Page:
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Human rights situation depleting with every rising sun in Pakistan


Nepalnews
ANI
2022 Jun 08, 19:09, Islamabad, Pakistan
Human rights situation depleting with every rising sun in Pakistan. Photo- ANI

Pakistan's human rights records have seemingly touched a new low with several media reports and global bodies reflecting the dire situation for women, minorities, children, and media persons.

In what could be termed as a testimony to the rapidly declining situation for women in Pakistan, a young woman was on May 27 raped by the railway staff members on a moving train.

And while the government has tried to portray itself as a champion of women's rights, the bare truth of Pakistan remains that successive governments' apathetic attitude toward women's rights has encouraged a culture where anti-women crimes are committed with impunity.

Thousands of women are murdered, kidnapped, and assaulted each year. The conviction rates are extremely low. Even the government reports point towards a grim situation.

According to a Ministry of Human Rights report,14,456 women were assaulted in Pakistan in the last four years. 4,326 cases of rapewere reported in the year 2018 followed by 4,377 rape cases in 2019, 3,887cases in 2020, and 1,866 cases in 2021.

However, even more disturbing is the fact that only 4 per cent of these rape cases have resulted in a conviction.

The United Nations Development Programme (UNDP) report 2020 ranked Pakistan at the top of the list of 75 countries where people have an anti-women bias. During the year 2021, Pakistan ranked 153rd out of 156 countries on the World Economic Forum's Gender Gap Report, which considers female political empowerment, economic participation, educational attainment and health.

Minority communities too continue to live in fear. The attacks against them are widespread and have grown with time.

The latest in the series of targeted attacks was on two Sikh shopkeepers, Sardar Saljeet Singh and Ranjeet Singh who were shot and killed on May 15 on spot by Islamic fundamentalists at their spice shops in Bata Tal bazaar of Sarband in Peshawar.

Over the years, the population of minorities has reduced significantly. The minorities are systematically marginalized and discriminated against by the state.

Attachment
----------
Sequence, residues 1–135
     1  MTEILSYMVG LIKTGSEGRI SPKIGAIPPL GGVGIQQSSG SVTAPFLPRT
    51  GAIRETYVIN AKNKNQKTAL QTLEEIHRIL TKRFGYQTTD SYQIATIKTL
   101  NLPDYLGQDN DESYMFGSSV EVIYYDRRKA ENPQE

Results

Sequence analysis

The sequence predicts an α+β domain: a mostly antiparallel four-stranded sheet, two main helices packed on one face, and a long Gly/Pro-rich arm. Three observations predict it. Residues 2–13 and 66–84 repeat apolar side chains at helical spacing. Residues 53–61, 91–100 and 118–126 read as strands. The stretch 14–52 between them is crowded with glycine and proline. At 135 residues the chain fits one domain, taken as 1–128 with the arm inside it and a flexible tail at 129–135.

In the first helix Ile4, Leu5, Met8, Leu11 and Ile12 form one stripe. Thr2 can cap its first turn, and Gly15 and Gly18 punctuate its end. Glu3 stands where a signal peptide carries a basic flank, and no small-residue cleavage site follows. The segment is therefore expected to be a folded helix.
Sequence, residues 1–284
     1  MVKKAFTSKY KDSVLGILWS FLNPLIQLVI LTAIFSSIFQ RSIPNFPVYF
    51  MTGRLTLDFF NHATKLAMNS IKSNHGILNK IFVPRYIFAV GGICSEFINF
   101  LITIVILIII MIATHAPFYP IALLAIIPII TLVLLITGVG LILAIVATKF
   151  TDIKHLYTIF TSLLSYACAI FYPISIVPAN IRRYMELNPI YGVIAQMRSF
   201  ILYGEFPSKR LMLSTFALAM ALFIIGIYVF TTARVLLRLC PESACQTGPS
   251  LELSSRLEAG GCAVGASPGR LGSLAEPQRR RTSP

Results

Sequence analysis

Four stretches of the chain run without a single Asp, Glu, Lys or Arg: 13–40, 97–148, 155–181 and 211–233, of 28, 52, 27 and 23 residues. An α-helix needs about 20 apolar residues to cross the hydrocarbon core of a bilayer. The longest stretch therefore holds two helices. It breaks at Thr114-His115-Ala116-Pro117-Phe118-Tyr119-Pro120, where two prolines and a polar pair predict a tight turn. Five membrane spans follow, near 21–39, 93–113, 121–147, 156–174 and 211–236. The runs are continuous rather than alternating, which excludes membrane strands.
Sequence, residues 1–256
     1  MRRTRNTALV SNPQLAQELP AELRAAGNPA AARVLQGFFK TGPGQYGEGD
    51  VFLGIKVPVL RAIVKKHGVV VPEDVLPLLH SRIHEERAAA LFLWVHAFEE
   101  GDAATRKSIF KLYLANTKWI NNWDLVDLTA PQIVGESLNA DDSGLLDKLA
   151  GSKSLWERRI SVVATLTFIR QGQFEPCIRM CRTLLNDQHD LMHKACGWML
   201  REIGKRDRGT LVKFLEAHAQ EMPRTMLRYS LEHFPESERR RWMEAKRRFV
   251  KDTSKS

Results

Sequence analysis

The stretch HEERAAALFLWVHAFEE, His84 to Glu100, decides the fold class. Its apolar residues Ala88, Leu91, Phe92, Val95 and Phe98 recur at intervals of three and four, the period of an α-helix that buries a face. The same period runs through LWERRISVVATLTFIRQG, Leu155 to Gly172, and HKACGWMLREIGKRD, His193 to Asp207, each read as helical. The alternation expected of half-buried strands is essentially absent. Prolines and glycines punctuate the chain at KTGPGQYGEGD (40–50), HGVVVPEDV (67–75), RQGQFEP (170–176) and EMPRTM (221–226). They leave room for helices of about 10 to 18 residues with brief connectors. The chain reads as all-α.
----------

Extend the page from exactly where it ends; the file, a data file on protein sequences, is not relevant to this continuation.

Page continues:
As per a report titled, Unequal Citizens: Ending Systemic Discrimination against Minorities, compiled by the National Commission for Human Rights (NCHR) with support from the European Union (EU) the employment prospects of non-Muslims in Pakistan are bleak.

Nearly half of the posts reserved for religious minorities in government jobs remain vacant and even with the posts that are filled, 80 per cent of non-Muslims are employed as sanitation workers, even for which they are paid less.

Non-Muslim sanitation workers are made to work under hazardous conditions without safety equipment and very little compensation in case of accident or death.

In Sindh, forced conversions have become even more rampant than it was. Marriage-conversion of minor Hindu, Sikh, and Christian girls, always under duress, has become an increasingly common phenomenon.

Freedom of speech is not a guaranteed right in Pakistan. While a large section of media self-censors itself, others' voices are muzzled with brute high-handedness.

Reporters Without Borders showed that Pakistan slid from 145th position last year to 157th this year on the World Press Freedom Index.

Different global bodies have also highlighted that a growing number of cases against children are also being reported from Pakistan.

A Lahore-based NGO "Sahil" stated that minors are frequent targets of assault in Punjab.

It revealed that 3,852 children were made targets of molestation and sexual assault across Punjab during 2021 and at least 40 of the victims were murdered afterward.

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Human rights situation depleting with every rising sun in Pakistan Human Rights Pakistan Islamabad g the dire situation for women minorities children and media persons.
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